A look at IEEE 802.11ah: Wi-Fi below 1 GHz: Page 3 of 4

August 26, 2015 // By Kevin Qian and Mingyan Wang
Kevin Qian and Mingyan Wang examine the key issues of the IEEE 802.11ah standard

The United States allocates 902 MHz to 928 MHz and the maximum bandwidth is 16 MHz; in China, 32 MHz bandwidth in total from 755 MHz to 787 MHz has been allocated for 802.11ah and the maximum bandwidth is 8 MHz; Korea has allocated 917.5 MHz to 923.5 with maximum bandwidth is 4 MHz; Japan has 11 1 MHZ channels from 916.5 MHz to 927.5 MHz; Singapore has two segments 866 MHz to 869 MHz and 920 to 925 MHzin total 8 MHz, and the maximum bandwidth is 4 MHz.

Physical layer

IEEE 802.11ah is mainly based on the 10-times down-clocked operation of IEEE 802.11ac's physical layer. 802.11ah defines the bandwidth as 2 MHz, 4 MHz, 8 MHz and 16 MHz. A 1 MHz channel is additionally defined for the purpose of further extended coverage. 1 MHz and 2 MHz support are mandatory. The physical layer can be divided into two categories, one category is the transmission mode of greater than or equal to 2 MHz bandwidth. The other category is the transmission of 1 MHz. For the first category, it can be considered as 10-times down-clocking of 802.11ac. Because the FFT size is also the same as 802.11ac, the subcarrier spacing is 31.25 kHz, which is only one-tenth of 312.25 kHz of the 802.11ac subcarrier spacing. 802.11ah orthogonal frequency-division multiplexing (OFDM) symbol duration is 10-times that of the 802.11ac, and the guard interval is also 10-times compared with 802.11ac, which can be 4 s, 8s or 16 s so that 802.11ah can meet the target of coverage range up to 1 km. For the 1 MHz transmission mode, it uses the same subcarrier spacing as 31.25 kHz, so the FFT size will be 32.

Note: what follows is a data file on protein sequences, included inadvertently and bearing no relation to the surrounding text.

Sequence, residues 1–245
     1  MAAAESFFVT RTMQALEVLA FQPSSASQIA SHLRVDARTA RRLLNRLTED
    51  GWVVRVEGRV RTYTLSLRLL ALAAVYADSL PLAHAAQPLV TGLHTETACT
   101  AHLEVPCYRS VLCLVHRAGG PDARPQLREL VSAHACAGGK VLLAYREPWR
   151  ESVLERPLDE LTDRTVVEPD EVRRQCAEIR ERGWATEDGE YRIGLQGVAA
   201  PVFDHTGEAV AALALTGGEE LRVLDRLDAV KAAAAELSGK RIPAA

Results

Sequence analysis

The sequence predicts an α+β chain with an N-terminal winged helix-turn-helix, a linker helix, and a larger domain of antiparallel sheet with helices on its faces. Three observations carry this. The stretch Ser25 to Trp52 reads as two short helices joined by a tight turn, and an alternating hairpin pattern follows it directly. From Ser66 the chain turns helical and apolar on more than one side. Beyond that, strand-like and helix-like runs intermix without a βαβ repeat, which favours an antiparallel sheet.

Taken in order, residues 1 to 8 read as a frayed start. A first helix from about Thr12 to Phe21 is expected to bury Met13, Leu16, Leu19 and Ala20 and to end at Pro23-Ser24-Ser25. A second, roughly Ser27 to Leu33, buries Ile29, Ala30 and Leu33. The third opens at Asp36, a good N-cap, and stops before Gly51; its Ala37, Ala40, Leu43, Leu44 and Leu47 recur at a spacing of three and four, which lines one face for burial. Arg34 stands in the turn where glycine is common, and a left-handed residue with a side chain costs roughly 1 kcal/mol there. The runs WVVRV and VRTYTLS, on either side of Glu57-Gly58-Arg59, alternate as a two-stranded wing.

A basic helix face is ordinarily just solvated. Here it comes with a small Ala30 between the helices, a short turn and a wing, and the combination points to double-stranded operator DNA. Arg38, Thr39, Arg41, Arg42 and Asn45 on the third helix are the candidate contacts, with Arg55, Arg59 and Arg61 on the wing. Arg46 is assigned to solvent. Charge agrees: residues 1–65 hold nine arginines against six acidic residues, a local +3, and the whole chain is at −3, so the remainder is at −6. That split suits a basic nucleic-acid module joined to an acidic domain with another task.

The goal of the 1 MHz channel is to further extend the transmission range. A new MCS (Modulation Coding Scheme) 10 is added for long range transmission. This MCS is same as MCS0 using code rate of one half, but it will repeat twice so the transmission range can be enlarged. The fixed pilot pattern has been defined in 802.11ac, but 802.11ah adds a new pilot pattern called travelling pilot. Travelling pilot can better mitigate the Doppler Effect to provide better support for mobile reception.

For the transmission mode, 802.11ah supports the normal S1G with short or long frame mode and the repetition of S1G_DUP_1MHz and S1G_DUP_2MHz modes. For S1G_DUP_1MHz mode, it will repeat the S1G 1MHz at all of the occupied bandwidths, so for the 4 MHz bandwidth, it will repeat S1G 1 MHz signal in all of the four 1 MHz channels. 802.11ah also supports multi-user MIMO but the MIMO stream is limited to four. It also supports beamforming of 802.11ac as an option.

The detailed peer-to-peer comparison between 802.11ac and 802.11ah is shown in Table 1.

Table 1: 802.11ah and 802.11ac physical layer comparison.

Design category: 

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